Little Kids @ UAPL

Get Ready To Read! Print Awareness

Rebecca's picture

Print awareness is noticing print everywhere! Print awareness is knowing that the squiggly lines on a page symbolize something meaningful. Print awareness is the knowledge that writing in English is read from left to right and that the text flows from the top of the page to the bottom. Another aspect of print awareness is being familiar with how a book works; that books have covers, and pages to be turned, left to right. 

Helping your child develop this skill is easier than you think. Watch this video for some at-home tips:

Why not make your own book at home? You and your child can make up and write your own story,  practice writing their name, or may be even paste photos of friends and family. Make a point to design the cover, come up with a title, and don't forget to add the author's name!!

 

Get Ready To Read! Phonological Awareness

Rebecca's picture

Phonological awareness is a child’s awareness that sentences can be broken down into words, syllables and sounds. Music naturally encourages development of this pre-reading skill by allowing kids to play with language using rhythm, rhyming and repetition. Take a peek at this short video for more information:

 

Did you know that it is very easy to make your musical instruments at home? Check out some great ideas from Nancy Stewart!

At the UAPL youth department, we have an extensive collection of children’s music.  Check out some CDs and have your very own sing-a-long at home. 

 

Get Ready To Read! Building Narrative Skills

Rebecca's picture

Mother and baby readingToday’s children are expected to have strong pre-literacy skills before they enter kindergarten. How can parents ensure that they are providing the right experiences for their children to develop these skills? Many parents don’t realize that literacy education actually begins in infancy.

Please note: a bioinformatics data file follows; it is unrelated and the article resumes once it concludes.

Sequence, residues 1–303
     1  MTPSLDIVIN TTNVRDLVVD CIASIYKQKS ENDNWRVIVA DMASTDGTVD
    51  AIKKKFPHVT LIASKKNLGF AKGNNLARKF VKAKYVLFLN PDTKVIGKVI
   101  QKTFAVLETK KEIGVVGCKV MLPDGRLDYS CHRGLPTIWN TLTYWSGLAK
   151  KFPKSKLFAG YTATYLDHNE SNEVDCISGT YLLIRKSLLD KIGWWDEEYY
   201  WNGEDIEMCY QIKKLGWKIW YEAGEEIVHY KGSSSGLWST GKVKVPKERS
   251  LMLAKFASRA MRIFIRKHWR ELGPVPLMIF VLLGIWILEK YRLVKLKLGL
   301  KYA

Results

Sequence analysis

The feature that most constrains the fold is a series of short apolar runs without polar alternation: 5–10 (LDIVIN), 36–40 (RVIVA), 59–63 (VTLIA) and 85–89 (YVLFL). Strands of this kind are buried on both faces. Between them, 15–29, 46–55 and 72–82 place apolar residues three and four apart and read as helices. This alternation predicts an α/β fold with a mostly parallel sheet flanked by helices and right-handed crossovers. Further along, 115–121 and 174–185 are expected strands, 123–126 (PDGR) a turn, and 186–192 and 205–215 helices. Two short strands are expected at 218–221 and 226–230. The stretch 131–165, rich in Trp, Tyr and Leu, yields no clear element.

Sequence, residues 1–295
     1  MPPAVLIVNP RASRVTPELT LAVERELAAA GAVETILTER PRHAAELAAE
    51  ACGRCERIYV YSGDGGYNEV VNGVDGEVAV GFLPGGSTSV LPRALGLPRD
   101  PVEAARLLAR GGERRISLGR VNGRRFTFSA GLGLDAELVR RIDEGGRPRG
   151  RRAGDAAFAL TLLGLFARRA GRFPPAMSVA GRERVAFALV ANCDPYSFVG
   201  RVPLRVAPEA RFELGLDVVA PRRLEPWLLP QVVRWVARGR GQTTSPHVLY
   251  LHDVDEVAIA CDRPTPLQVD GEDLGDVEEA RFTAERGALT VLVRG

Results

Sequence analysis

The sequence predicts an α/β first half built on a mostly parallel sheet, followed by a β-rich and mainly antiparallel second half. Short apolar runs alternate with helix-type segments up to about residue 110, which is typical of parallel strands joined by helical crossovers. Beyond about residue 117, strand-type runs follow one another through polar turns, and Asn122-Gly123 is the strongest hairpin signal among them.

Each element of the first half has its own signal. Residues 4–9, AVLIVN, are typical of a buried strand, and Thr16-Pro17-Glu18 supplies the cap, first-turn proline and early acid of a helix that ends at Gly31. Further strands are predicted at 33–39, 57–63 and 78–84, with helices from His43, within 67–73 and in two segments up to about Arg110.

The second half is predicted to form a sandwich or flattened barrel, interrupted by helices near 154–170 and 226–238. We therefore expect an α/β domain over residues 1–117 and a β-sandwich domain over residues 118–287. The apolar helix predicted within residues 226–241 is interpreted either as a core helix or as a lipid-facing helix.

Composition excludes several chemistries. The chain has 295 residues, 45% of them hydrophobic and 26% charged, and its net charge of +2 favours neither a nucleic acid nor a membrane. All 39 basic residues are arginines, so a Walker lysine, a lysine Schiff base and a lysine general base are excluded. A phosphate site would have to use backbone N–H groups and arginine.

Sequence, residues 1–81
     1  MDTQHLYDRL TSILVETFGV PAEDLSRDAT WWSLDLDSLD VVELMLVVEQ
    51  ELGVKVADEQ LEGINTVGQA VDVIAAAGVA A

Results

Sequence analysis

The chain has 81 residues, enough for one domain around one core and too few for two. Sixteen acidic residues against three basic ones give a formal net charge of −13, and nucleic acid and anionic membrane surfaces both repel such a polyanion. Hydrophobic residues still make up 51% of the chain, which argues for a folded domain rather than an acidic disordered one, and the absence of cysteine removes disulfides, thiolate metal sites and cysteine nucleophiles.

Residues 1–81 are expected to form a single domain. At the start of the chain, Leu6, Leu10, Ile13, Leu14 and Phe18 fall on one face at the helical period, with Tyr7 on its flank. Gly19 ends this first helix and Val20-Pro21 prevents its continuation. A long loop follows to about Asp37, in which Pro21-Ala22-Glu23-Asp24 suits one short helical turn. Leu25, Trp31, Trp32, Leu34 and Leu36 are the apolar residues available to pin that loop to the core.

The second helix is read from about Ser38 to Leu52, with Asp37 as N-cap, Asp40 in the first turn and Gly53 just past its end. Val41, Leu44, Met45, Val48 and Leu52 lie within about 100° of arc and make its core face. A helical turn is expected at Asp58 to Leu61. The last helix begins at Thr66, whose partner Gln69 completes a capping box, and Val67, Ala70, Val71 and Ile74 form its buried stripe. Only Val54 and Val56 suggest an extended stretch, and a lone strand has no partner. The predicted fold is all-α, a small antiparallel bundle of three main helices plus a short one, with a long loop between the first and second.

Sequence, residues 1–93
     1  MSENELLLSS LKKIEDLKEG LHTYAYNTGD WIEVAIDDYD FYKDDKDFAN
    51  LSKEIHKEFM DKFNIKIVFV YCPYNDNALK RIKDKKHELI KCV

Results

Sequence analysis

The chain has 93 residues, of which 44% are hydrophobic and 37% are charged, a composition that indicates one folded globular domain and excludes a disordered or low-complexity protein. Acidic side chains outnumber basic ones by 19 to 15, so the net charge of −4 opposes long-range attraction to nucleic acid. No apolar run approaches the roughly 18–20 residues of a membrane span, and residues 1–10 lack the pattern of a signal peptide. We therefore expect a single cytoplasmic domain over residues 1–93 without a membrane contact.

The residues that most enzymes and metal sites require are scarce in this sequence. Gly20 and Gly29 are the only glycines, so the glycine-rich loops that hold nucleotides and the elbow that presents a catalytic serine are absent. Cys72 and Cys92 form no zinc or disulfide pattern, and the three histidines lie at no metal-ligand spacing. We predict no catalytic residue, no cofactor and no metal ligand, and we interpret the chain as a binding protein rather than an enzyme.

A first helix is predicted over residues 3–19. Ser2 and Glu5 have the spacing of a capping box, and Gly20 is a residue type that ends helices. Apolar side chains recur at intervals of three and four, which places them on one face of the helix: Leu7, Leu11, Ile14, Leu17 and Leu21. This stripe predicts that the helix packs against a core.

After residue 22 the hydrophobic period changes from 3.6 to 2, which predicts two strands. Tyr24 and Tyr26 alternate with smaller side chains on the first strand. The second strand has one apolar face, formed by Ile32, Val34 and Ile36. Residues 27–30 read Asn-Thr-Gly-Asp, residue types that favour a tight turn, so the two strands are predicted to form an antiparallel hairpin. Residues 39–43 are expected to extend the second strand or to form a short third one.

The good news is that helping your child attain such skills is much easier than you may think. Almost ANY activity that you do with your child is helping them develop literacy skills. It can be as simple as talking and singing to your child, reading to them, or even describing to them what they are feeling, hearing, tasting, touching, seeing and doing.

One simple activity to start with is looking at pictures.  Look at family photos, or pictures from books and magazines and talk about what you see. Better yet, check out some of the UAPL’s wordless picture books. Snuggle up in your favorite comfy chair, look at the pictures and make up your own stories! This activity helps your child develop narrative skills.  We have many wordless books, but some of our favorites are:

 

Get Ready To Read! Print Motivation

Rebecca's picture

baby boy with book

One of the first early literacy skills to develop is print motivation. Print motivation is a child's interest in and enjoyment of books. Parents can cultivate this skill early on by reading to their infants. Even though they aren't able to follow the story, they still very much enjoy hearing their parent's voice. If children witness their parents enjoying reading, they learn to view reading as a fun activity. Parents need to make books accessible, proudly display them on a shelf, as prized possessions and create a cozy spot dedicated to reading together. And let's not forget trips to the library!! The UAPL has amazing storytimes and other youth programs, and little ones can get their very own library card!!

Here are some books from our collection, chosen especially for their enjoyment potential:

Do-It-Yourself Sensory Bottles

Sue's picture

Create some fun, engaging sensory bottles for your baby or toddler. These are easy to make and let your child explore how different objects move and sound inside the bottles. Your baby or toddler can roll them, bang them, and watch the objects move around. Adding water or corn syrup to some of the bottles will create a different effect.

Below are pictures of the ones that I made. You can use a variety of different materials – just look around your home to see what you have! Just be sure to hot glue the caps on so the materials stay safely inside.

Materials:

  • Empty Water Bottles
  • A variety of materials for the bottles: brightly colored puff balls, rice, beans, popcorn, glitter and water, aluminum foil pieces, buttons
  • Hot Glue Gun
  • Water or corn syrup

           

        

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